Juval Scott

Federal Public Defender for the Western District of Virginia
Work 210 First Street SW, Suite 400 Roanoke VA 24011 TPI Attendance: June, 2007
Photo of Juval Scott


JUVAL O. SCOTT is the Federal Public Defender for the Western District of Virginia, which has three offices in Roanoke, Charlottesville, and Abingdon. She has also taught Criminal Procedure Adjudication as an adjunct professor at the Washington & Lee School of Law. Prior to her appointment as Federal Public Defender, she was an Attorney Advisor with the Training Division of the Defender Services Office in Washington, DC. Before joining the Training Division, she was an Assistant Federal Defender in the Milwaukee office of the Federal Defender Services of Wisconsin, Inc. and with the Indiana Federal Community Defenders in Indianapolis, Indiana. In her former life, Juval worked as an associate in a small firm primarily handling criminal, personal injury, and family law matters; a deputy prosecutor for the Tippecanoe County Prosecutor’s Office in Lafayette, Indiana; and as Associate General Counsel for a private investigation firm focusing on trademark litigation. She has also served as Judge Pro Tempore in the Marion County Criminal Courts.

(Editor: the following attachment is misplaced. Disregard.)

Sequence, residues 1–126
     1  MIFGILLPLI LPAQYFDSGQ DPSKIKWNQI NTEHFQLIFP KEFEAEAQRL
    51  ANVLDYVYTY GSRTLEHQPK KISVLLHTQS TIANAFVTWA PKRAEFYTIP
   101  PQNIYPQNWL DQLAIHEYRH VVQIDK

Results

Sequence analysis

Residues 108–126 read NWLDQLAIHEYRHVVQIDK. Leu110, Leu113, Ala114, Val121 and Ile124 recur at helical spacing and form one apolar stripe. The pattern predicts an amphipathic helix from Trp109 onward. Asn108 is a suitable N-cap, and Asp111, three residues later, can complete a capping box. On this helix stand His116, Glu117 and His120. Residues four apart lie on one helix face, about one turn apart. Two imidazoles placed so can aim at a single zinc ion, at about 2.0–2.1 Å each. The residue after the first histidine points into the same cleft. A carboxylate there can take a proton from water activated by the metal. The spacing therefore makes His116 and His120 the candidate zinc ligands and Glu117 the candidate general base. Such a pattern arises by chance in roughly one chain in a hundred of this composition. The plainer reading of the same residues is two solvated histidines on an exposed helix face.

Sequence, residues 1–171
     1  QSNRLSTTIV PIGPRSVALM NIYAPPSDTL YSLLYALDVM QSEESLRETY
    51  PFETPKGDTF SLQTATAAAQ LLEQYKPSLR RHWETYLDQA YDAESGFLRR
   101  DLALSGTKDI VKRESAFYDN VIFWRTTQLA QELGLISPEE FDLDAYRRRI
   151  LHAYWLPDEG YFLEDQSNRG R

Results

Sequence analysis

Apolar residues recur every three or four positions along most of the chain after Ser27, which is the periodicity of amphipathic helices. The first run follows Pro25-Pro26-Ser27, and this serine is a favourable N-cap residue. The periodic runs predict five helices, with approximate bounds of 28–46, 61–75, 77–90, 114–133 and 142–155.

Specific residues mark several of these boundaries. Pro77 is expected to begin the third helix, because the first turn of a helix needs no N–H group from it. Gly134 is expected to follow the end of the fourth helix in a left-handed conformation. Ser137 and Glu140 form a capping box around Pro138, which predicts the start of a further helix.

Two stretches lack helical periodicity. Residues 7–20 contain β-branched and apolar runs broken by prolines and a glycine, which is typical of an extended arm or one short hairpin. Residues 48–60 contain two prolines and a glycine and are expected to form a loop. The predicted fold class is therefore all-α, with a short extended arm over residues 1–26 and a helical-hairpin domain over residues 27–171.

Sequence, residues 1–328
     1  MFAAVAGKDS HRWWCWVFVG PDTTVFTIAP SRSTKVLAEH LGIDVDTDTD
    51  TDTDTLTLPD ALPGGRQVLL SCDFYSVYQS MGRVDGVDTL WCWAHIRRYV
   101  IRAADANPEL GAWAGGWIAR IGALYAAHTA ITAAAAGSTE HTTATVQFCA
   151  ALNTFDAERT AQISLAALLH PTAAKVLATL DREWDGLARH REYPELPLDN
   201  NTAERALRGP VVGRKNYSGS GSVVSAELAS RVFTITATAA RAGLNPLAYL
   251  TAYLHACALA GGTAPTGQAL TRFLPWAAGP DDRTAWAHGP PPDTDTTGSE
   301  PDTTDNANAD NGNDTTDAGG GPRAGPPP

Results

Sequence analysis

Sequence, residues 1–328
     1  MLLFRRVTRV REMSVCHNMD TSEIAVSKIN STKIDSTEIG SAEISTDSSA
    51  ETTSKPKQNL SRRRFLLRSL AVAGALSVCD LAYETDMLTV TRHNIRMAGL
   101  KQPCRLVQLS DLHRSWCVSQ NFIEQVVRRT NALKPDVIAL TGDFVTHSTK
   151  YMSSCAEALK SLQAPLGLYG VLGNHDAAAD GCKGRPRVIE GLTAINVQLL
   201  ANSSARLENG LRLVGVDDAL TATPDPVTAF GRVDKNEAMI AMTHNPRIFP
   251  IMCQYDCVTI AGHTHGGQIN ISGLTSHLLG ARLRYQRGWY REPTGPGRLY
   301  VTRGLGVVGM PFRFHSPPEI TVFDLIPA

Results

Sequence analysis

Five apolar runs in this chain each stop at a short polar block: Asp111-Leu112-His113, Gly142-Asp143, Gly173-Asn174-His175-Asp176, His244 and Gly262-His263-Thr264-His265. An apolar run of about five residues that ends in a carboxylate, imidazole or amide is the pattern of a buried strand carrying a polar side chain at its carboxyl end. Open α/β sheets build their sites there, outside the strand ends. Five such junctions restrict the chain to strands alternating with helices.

Juval received her law degree from the Indiana University Robert H. McKinney School of Law, and she obtained her Bachelor of Science in Biology with a minor in Chemistry from Xavier University of Louisiana. She regularly teaches at local CJA panel trainings and programs sponsored by the Defender Services Office Training Division, as well as The National Criminal Defense College, National Association of Criminal Defense Lawyers and its state affiliates, and other organizations dedicated to criminal legal and reform issues.

She is a voracious reader, avid traveler, and trivia addict that savors moments with friends and family, especially her husband Randle and their three sons Charles, Mason, and Zion. She is also a freedom fighter, unwavering supporter of equal rights, and believer in redemption.


Recent Teaching History